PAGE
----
Theoretical Physics of Information

Course:
Laurea magistrale in Scienze fisiche
Teachers:
Paolo Perinotti
Academic year:
2017/2018 (Altri: 2016/2017 2015/2016 2014/2015 2013/2014)
Semester:
I
Language:
Italiano / english friendly
Code:
500652
SSD:
FIS/03
Credits:
6
Hours:
48

Educational goals

Learning the basic topics of information theory: compression and transmission over classical and quantum channels.

Prerequisites

The student is expected to know the basic mathematical structure of probability theory and quantum theory. The required notions will be anyway reviewed in the first lectures of the course.

Programme

The course covers the key topics of classical and quantum information theory, with particular focus on the issues of compression and error correction that lie at the core of the notion of information itself.
Part 1: Classical information. After introducing the basic concepts, some encoding schemes are shown, along with compression and error correction schemes, with measures of information, Shannon entropies, mutual information and their properties. The two Shannon theorems are proved: source coding and noisy channel coding. Finally, McMillan’s bound, Fano’s inequality and the data-processing theorem are shown.
Part 2: Classical information over quantum systems. Quantum von Neumann entropies are introduced and their properties are proved, as well as Lieb’s theorem and Uhlmann’s monotonicity for relative entropy. Quantum accessible information is then introduced, and Holevo’s theorem is proved.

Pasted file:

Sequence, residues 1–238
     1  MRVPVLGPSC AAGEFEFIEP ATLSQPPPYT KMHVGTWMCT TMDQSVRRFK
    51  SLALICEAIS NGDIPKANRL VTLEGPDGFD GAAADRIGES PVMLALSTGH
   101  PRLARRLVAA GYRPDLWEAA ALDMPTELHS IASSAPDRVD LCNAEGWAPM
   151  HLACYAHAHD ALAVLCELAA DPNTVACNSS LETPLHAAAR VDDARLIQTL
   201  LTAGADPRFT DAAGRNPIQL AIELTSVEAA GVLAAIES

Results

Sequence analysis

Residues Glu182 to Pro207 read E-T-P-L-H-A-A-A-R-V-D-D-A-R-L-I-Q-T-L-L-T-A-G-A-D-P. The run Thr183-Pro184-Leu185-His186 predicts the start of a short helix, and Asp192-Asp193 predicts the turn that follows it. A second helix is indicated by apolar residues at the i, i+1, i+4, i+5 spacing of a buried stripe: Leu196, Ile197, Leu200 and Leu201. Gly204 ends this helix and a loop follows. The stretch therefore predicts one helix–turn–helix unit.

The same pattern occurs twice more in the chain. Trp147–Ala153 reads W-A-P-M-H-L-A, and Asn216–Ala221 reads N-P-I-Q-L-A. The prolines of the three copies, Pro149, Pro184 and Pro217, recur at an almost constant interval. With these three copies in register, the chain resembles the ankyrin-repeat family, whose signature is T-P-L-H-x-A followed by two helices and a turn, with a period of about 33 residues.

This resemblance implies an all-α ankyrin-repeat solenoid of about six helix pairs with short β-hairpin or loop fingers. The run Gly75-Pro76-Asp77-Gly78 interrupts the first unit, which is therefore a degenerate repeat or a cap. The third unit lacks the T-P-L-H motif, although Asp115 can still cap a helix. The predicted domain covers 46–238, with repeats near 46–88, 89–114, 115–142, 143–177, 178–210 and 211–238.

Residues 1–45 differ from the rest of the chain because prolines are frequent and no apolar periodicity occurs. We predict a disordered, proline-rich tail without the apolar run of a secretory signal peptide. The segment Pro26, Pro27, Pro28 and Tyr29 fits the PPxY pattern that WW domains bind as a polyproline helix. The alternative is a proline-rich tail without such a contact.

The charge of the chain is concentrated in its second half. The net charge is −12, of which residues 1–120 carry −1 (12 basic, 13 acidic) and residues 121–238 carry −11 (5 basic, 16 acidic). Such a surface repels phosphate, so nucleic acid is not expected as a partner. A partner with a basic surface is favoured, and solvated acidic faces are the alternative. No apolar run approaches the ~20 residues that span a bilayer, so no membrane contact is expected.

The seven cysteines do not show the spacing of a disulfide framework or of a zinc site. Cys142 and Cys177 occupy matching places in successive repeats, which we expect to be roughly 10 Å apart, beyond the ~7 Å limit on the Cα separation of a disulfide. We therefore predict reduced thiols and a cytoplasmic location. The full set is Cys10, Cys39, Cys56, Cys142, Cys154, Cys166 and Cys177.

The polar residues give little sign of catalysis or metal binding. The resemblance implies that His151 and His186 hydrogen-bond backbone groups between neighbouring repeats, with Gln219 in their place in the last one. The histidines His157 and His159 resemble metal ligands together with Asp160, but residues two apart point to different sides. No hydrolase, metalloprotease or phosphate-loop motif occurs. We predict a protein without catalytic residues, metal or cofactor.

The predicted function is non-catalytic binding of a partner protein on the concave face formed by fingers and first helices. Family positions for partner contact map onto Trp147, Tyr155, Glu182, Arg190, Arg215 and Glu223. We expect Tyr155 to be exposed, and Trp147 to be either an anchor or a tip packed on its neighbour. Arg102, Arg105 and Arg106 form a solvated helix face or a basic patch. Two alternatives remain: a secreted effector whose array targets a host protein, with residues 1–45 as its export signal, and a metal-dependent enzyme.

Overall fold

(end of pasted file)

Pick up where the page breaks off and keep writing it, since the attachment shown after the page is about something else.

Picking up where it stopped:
Part 3: Quantum Information. This part of the course is opened by the analysis of reliable quantum compression, introducing fidelity and entanglement fidelity. Schumacher’s quantum source coding theorem and quantum Fano’s inequality are proved. Coherent information and quantum data-processing theorem are exposed, and finally the general theory of quantum error correction is presented.

Bibliography

I. K. Chuang and M. A. Nielsen, Quantum Information and Quantum Computation, Cambridge University Press, (Cambridge UK 2000)
D. J. C. MacKay, Information Theory, Inference, and Learning Algorithms, Cambridge University Press (Cambridge UK 2001)
T. M. Cover, J. A. Thomas, Elements of Information Theory, John Wiley & Sons (Hoboken USA 2012)

Exam

The examination is oral. The student is expected to master the topics of the course, and to solve elementary problems.